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Thomas Devaney reads from Runaway Goat Cart

Poetry in Philadelphia was a seminal experience for me. I found the Waste Land in a used bookstore on Locust Street in my teens; I read Walt Whitman there in my early twenties, and returned to the city in the mid-70s to become part of what was and still is a lively poetry scene. Philly continues to be a city for poets. You really can’t throw a stone without hitting one. And one of the poets you are most likely to hit is Thomas Devaney.

I took the Chinatown bus (twenty bucks round trip) last week to see and record him where he lives in Center City with his partner Amy in a co-op on Chestnut Street twelve stories up. The balcony looks out toward Rittenhouse Square whose trees are visible in the distance, a lovely lucky place, very open for reading and writing.

Tom is younger than most of the poets I know in Philadelphia, but he has deep roots in the city. Over the past 15 years he has been an active member of the poetry community: working at the Kelly Writers House in the early aughts, hosting readings, editing publications, teaching at Haverford College, and showing visiting poets around when they are in town.

When I first heard the title of his new book, Runaway Goat Cart—beautiful cover by the way!—I thought it was Runaway Go Cart. A runaway goat cart is much more vivid, intriguing and interesting any day. And that’s how reading the book struck me; I was expecting poetry, of course, but the poetry went beyond my expectations, and took me places I didn’t know I was going to go.

From this surprising adventure in language, I have typed out three poems below. Two of them, Runaway Goat Cart and The Last Topiary, Tom doesn’t read on the Vimeo here. When he reads The Sky Under Construction, his voice is full of urgent emotion, ready to burst with the desire for us to hear the sincere well-worked words. Poets strive and long to be heard and this one is no exception; what is exceptional about this one is that he succeeds.

I often have to edit a poet’s reading; poets repeat, go back, forget. Not with Tom though who reads each poem in one take with a clarity from beginning to end that remains unbroken; even when it goes off careening, almost out of control, the poet holds on; even when a part of the poem crashes, and we stand in the aftermath looking at a fallen broken ledge, unharmed we examine creation from destruction there on the sidewalk where it is; and finally out of the careening and crashing, the poet summons all of his strength, his talent and skill to write and join the light in the limbs at last, which is almost silent but not quite.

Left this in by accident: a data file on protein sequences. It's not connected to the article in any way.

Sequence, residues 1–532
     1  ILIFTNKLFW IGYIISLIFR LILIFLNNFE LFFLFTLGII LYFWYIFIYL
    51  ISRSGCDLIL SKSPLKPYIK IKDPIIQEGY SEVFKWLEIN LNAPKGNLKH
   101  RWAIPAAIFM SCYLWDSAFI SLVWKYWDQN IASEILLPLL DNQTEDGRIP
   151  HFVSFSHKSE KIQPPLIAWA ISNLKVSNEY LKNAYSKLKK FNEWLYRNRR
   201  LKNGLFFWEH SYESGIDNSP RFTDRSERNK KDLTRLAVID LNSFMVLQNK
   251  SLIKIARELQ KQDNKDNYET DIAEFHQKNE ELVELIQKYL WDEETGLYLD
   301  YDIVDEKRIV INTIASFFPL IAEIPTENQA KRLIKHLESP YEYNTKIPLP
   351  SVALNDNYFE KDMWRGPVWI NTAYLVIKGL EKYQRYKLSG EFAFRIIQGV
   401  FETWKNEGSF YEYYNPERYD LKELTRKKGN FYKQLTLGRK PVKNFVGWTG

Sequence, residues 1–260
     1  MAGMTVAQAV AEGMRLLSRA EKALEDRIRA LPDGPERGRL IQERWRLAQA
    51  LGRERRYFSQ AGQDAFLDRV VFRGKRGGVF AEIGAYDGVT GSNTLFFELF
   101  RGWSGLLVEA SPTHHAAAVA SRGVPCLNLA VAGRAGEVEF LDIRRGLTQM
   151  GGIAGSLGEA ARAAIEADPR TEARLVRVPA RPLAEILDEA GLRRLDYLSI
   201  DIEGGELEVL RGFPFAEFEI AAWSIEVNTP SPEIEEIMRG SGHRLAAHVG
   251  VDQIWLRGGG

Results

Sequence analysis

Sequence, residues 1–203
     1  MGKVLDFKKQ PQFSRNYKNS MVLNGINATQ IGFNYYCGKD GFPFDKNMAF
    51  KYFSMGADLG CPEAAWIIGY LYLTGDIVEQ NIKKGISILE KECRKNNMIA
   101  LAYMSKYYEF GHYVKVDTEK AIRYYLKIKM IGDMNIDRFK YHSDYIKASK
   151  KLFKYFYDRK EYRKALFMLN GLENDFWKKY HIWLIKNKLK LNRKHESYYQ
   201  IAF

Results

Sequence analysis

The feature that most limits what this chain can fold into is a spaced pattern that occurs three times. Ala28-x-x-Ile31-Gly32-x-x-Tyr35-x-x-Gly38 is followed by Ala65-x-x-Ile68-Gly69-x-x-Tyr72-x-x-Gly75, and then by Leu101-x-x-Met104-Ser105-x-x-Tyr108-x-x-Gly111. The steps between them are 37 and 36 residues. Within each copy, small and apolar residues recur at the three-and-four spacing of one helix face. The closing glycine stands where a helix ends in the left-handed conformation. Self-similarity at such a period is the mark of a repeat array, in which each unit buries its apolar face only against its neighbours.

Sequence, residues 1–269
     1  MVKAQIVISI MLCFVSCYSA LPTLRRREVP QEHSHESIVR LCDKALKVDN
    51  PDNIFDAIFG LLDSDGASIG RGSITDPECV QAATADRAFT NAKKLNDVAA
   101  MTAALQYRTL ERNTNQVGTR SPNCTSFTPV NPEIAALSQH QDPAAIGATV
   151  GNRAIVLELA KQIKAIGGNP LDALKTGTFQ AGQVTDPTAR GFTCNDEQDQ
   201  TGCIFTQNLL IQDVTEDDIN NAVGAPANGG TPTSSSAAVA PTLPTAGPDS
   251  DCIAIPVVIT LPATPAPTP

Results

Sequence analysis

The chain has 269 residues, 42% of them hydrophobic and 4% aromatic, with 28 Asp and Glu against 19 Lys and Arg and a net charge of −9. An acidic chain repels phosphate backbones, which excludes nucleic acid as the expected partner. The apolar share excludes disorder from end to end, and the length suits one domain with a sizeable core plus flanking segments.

This is how the cart starts:

like a bad brother and sister team hitching

up the horror.

The goat cart starts like this: a stuttering path

low branchespatches of lightthe lake

the woods

Something like a smouldering fire in the nose.

It starts like gumption and bad apples:

those large wheels wheeling larger,

cracking forward—

To fly and to die

but first to shout

in the buggy air.

Night of mosquitoes and mud, night of uprooted trees and glee,

swooping bats—

nothing left to see.

They pick up speed like this: sister says no

and brother says, no, oh no.

The blind scartch of a thicket, one, two, three, four phantom more;

the scent of tree clumps in each divot.

This is how the mud-matted goat runs:

its slatted eyes back behind its head—a fright

outstripping her own muscle bands,

and those freak eyes again.

This is how the goat and cart run off from each other:


bloody nose first.

The scrappiest kid fighters

taken out at the knees—

and all the body parts rattling right-the-fuck-off.

This, how they nearly capsize: cleaving and clawing, pounding by forces

beyond their control—

starry starry stars. Starry starry scars—

the last screech inside their nonstop STOP.

The cart shifts like this:

BLUE for night when the night is black.

BLACK if they could see and black if they couldn’t—

there’s no keeping up, no way to say NO MORE—


no holy shit

no Holy Shit Hell.

If you want a story, come back tomorrow.


Sweet Jesus crashes to the sidewalk.

Part of the building has just slipped off—

and everyone is stopped in an instant circle

around the ledge.The city performs a pause

and miraculous someone says no one was killed.

We are huddling outside of Dazzling Nails.

Even before the scene was taped off it was taped off.

The slab cracked in two, a smooth phantom dolphin,

and the crowd extending down the street.

Closer in, a group of men look with an eye to see

how the ledge might be moved. But there’s another lift

of the eyes, up to the building and vacancy

where the ledge had been. The hole there, an homage

to stone that lived so long in the sky, and

the ambition to build into the brilliance against

the continuous line. I heard a Berlioz song

five or six stories up—mingling with a spin class.

the windows wide open in a clear yet distant throttle—

Does anyone really know where music comes from?

Wilderness of blue and glass: the sky perfectly adrift,

perfectly clear, a blazing stream of duststrewn daylight,

its spin, nothing out of place.


Once in a row house garden there grew a shrub.
A bold afternoon light fell in love with the shrub.
The were highly similar: the Shrub—trim and shiny,
and the Light—generous and flattering as a postcard.
Years went by. The Light and the Shrub
had folded back away from the street
in front of them. The world was going to hell.
The world had gone to hell, but they were old friends
and they’d keep on doing what they’d always done.

Runaway Goat Cart is published by Hanging Loose Press. Check them out here: http://hangingloosepress.com/

Thomas Devaney. Photo: David Kelley

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